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Colonial and State Records of North Carolina
Letter from James Williams to Thomas Burke
Williams, James
August 22, 1781
Volume 22, Pages 571-572


Chatham, Aug. 22nd, 1781.

His Excellency Thomas Burke, Esquire, Governor and Commander-in-chief of the State of North Carolina.

P. Express.


I returned yesterday from Wilmington on my Parole to Chatham County, which prevents my waiting on your Excellency in person. I am desired by the Prisoners to acknowledge the receipt of yours by the Flag, and to thank you for your promised attention to them. Their Case really merits it. Every Article to be sold in Wilmington is at least three Times as high, for hard Money, as usual. It cost me in Three weeks there, for Board and some few Cloathing, £32 Sterling, for which I am indebted, as they all are, more or less. They desired me to solicit you for a Passport for as much Tobacco or any other Article as will discharge their Debts.

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If this should fail, they will be in a very disagreeable Situation. Their Credit will stop and they must inevitably suffer. I am told Your Excellency understood our Letters from Mr. Fall’s Mill, Raft Swamp. We were very unhappy there. There has been no News in Wilmington, either by Land or Water, these six weeks. I brought up Two or Three of their News Papers, but they are so Barren they are not worth enclosing. We hope to be exchanged for Shortly, and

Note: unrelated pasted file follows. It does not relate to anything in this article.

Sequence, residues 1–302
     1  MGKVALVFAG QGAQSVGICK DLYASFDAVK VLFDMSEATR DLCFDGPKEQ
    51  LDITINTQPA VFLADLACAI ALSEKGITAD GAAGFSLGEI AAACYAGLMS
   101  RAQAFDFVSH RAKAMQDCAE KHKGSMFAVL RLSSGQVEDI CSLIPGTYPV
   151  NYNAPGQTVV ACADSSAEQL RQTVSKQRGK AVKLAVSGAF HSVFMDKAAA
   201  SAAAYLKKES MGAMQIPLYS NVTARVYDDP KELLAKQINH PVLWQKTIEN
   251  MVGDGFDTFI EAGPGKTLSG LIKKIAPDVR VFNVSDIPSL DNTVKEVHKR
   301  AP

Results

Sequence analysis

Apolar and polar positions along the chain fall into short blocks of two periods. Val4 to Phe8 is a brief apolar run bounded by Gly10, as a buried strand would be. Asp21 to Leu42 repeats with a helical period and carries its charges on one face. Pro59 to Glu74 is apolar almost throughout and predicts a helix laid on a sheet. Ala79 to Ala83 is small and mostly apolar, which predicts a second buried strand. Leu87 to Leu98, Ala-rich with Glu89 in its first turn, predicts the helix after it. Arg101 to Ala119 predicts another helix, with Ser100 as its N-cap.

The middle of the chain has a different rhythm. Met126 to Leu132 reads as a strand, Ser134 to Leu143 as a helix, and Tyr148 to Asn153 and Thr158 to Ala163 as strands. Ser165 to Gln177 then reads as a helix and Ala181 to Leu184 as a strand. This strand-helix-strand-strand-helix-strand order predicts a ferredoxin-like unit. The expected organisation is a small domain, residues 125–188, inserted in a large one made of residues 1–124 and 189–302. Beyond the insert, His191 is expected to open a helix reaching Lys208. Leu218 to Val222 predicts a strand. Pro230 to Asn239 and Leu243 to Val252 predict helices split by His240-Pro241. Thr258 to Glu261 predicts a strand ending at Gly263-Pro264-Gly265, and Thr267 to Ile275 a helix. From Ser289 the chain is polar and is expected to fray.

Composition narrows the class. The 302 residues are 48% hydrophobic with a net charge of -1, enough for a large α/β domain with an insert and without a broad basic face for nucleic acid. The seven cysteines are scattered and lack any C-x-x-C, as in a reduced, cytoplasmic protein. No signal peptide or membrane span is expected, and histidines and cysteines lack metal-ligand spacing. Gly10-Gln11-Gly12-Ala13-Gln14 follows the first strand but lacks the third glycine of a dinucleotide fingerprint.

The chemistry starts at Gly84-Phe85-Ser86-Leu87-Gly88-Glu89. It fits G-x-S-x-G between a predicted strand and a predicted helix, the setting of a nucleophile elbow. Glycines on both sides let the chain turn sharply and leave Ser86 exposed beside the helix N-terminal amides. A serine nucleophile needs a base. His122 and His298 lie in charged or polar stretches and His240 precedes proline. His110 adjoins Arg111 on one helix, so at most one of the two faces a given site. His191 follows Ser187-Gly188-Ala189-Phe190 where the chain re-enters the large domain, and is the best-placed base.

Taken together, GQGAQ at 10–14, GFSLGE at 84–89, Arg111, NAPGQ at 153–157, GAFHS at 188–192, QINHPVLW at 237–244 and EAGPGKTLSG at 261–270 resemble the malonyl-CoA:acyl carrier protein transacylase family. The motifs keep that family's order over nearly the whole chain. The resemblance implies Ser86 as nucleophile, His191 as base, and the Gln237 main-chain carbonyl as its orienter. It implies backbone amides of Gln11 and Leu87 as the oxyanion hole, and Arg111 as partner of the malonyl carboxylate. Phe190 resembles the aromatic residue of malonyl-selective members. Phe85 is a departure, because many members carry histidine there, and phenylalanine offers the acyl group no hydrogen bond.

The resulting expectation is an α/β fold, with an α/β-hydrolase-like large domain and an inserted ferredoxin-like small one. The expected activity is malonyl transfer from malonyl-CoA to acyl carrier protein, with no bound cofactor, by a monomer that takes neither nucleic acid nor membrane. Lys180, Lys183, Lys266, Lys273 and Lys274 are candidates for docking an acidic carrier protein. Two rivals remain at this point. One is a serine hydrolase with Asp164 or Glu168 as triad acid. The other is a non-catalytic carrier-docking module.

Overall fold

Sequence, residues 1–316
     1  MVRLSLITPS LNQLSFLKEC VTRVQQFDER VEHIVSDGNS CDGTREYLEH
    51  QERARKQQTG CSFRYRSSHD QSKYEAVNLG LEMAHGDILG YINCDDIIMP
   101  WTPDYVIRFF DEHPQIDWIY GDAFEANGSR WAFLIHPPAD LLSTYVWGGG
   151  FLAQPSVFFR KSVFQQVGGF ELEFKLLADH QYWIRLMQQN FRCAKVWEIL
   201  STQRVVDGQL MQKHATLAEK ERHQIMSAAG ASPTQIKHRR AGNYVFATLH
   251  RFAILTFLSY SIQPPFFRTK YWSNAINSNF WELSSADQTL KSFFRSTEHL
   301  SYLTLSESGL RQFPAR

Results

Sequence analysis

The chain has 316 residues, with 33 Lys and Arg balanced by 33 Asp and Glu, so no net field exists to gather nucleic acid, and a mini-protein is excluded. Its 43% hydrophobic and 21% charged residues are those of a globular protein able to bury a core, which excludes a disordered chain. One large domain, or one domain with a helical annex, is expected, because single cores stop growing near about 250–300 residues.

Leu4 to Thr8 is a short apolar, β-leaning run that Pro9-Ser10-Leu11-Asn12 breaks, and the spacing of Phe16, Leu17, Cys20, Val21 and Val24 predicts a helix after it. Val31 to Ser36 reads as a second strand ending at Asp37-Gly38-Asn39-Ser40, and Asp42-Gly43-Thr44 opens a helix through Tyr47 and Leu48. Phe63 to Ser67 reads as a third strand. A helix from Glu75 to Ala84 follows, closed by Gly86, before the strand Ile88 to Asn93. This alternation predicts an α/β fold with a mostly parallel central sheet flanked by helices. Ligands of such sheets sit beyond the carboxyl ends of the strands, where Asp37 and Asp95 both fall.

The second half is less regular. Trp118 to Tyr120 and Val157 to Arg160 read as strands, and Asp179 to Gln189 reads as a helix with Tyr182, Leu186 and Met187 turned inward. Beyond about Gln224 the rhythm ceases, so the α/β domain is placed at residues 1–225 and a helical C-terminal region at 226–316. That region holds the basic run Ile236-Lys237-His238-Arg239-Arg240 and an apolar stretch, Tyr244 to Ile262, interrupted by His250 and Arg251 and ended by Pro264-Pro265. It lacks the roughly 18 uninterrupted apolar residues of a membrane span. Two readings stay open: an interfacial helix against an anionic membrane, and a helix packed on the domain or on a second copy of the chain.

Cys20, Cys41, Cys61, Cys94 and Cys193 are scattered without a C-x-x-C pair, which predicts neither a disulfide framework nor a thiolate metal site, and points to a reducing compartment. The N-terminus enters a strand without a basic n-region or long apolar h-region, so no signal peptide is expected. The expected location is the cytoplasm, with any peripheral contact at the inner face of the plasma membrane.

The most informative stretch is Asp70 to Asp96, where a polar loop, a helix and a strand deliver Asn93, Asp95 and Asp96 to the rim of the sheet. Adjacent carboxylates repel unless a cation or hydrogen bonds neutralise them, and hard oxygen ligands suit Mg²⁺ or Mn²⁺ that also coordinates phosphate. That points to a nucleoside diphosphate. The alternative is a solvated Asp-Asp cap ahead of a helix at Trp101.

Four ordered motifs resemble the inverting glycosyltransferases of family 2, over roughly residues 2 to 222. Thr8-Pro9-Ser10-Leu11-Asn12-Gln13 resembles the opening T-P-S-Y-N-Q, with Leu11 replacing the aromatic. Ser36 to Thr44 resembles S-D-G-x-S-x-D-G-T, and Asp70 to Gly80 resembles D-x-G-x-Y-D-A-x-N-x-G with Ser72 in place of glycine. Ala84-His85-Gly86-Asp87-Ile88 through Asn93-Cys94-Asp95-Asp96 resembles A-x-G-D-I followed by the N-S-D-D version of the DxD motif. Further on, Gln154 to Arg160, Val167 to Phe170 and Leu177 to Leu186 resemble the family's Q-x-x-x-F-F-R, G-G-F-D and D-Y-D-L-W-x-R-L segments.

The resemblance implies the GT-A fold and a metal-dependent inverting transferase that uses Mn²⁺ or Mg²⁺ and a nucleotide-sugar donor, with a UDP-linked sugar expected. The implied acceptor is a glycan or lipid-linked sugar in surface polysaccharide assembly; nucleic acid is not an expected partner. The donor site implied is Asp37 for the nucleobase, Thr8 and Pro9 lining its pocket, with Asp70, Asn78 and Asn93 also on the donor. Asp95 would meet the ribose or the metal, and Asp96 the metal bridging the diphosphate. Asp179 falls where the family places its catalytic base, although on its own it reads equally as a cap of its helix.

I am Your Excellency’s Most Obedient Humble Servant,

Jas. Williams, Chatham, Aug. 22nd, 1781. Request Received 28th; answered 30th.

The request for the Prisoners for a Passport for tobacco cannot be granted, being contrary to an express Resolve of Congress, which cannot be contravened.